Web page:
Is the Magellan Infrastructure Fund (Currency Hedged) (ASX:MICH) share price a buy? It gives exposure to global infrastructure.
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Is the Magellan Infrastructure Fund (Currency Hedged) (ASX: MICH) share price a buy?
It’s an active exchange-traded fund (ETF) that invests in global infrastructure. It’s currently an ASX share rated as a buy by the Motley Fool Dividend Investor service.
What’s an active ETF?
Not every ETF is passive that just follows an index. Typical ETFs such as Vanguard Australian Shares Index ETF (ASX: VAS) just aim to follow the ASX 300.
But there are some fund managers that offer their funds in an open-ended fund structure that can be invested in via the ASX. The key difference is that fund managers are the ones that are making the share picks, rather than an automatic index weighting.
Which manager manages this ETF?
The Magellan Infrastructure Fund is managed by Magellan Financial Group Ltd (ASX: MFG), which has billionaire investor Hamish Douglass as the chair and chief investment officer.
Magellan is best known for being an investment manager that focuses on international shares, with $78.3 billion of funds invested with Magellan’s international strategy. However, Magellan has also $17.86 billion invested in infrastructure shares.
The actual Magellan Infrastructure Fund is managed by Gerald Stack.
What does Magellan Infrastructure Fund aim to do?
According to Magellan, it aims to hold 20 to 40 shares and tries to deliver the stable returns offered by the asset class, while protecting returns from currency movements.
Magellan says that the infrastructure asset class is characterised by monopoly-like assets that face reliable demand and enjoy predictable cashflows. Potential investments that meet these criteria are expected to achieve strong underlying financial performance over medium- to long-term timeframes, which should translate into reliable, inflation-linked investment returns.
Magellan has a particular process for identifying infrastructure. The underlying business must provide a service that is essential to the efficient functioning of a community, while generating cash flows that are not subject to external risks such as commodity prices. Magellan also evaluates other criteria, such as gearing levels, sovereign risk, regulatory risk and reporting transparency, which, if failed, will result in exclusion from the investment universe.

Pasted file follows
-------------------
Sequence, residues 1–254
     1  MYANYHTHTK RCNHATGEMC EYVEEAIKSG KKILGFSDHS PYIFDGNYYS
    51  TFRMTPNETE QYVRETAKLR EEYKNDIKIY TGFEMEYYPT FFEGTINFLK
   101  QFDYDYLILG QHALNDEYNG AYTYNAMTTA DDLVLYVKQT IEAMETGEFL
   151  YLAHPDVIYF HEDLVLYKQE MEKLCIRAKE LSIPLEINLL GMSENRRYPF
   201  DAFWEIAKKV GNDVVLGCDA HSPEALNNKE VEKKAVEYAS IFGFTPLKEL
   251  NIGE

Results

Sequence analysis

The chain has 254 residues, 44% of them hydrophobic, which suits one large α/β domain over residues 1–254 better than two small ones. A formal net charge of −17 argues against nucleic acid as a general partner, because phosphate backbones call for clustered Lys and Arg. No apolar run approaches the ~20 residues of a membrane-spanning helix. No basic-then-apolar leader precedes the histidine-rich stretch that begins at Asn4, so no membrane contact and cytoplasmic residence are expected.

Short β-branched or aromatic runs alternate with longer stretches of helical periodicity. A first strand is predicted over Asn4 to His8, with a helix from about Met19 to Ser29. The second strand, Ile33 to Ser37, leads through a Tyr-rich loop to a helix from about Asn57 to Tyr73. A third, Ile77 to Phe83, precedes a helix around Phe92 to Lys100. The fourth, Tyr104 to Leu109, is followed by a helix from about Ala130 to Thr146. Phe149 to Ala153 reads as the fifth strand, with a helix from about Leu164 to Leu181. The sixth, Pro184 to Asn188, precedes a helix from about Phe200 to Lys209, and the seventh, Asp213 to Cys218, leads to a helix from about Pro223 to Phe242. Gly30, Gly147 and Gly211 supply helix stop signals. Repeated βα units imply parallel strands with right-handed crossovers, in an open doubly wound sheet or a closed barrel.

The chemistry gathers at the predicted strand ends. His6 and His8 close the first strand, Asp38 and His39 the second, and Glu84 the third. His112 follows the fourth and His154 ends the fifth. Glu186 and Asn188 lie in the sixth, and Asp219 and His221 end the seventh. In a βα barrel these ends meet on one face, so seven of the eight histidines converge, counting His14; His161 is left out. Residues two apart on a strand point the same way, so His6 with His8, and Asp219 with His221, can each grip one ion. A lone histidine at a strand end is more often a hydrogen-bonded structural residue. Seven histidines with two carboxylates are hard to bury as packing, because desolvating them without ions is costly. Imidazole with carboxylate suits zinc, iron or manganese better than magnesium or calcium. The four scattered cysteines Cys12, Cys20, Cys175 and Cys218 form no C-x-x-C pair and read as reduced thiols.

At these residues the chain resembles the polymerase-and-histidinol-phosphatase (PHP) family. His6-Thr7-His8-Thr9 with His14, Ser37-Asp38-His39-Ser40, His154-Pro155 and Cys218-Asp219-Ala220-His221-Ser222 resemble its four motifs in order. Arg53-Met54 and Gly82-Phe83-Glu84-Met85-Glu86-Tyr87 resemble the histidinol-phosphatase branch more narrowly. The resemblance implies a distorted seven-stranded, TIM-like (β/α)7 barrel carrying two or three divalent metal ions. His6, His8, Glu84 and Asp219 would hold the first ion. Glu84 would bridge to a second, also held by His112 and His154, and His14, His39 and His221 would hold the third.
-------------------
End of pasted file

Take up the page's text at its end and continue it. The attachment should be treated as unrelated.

The fund manager believes that by excluding businesses that fail to meet these criteria, the universe consists purely of companies that enjoy reliable demand and generate predictable cash flows. This analysis includes evaluations of a company’s external environment, its business-specific issues, its historical financial performance and its valuation.
What shares are in the fund?
In its latest monthly update, Magellan Infrastructure Fund said that its largest 10 holdings, in alphabetical order, were: American Water Works, Atmos Energy Corporation, Crown Castle International, Enbridge, Eversource Energy, Red Electrica Corporation, Sempra Energy, Transurban Group (ASX: TCL), Vopak and Xcel Energy.
At 31 October 2020, it also had a cash position of 10% of the portfolio.
Whilst USA shares represents the biggest country allocation, it’s less than half of the portfolio at around 42%. Europe, Canada, Latin America, the UK and Asia Pacific are also represented.
How has it performed?
Magellan quotes its returns as net returns, which is after the fees – including the management fee of 1.05% per annum.
Over the past four years, the Magellan Infrastructure Fund has returned 5.5% per annum, outperforming the S&P Global Infrastructure Net Total Return Index by an average of 4.2% per annum.
Is the Magellan Infrastructure Fund share price a buy?
It’s currently trading at a slight premium to its intraday indicative net asset value (NAV) per unit of $2.9165.
The fund is still rated as a buy by the Dividend Investor service who said it’s “a good investment idea for those looking to benefit from exposure to listed, global infrastructure. It’s a simple and easy solution for those looking to diversify their investments, providing a nice hedge against some of the more volatile stocks elsewhere in the market.”
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*Returns as of June 30th
Motley Fool contributor Tristan Harrison has no position in any of the stocks mentioned. The Motley Fool Australia has recommended Magellan Infrastructure Fund. We Fools may not all hold the same opinions, but we all believe that considering a diverse range of insights makes us better investors. The Motley Fool has a disclosure policy. This article contains general investment advice only (under AFSL 400691). Authorised by Scott Phillips.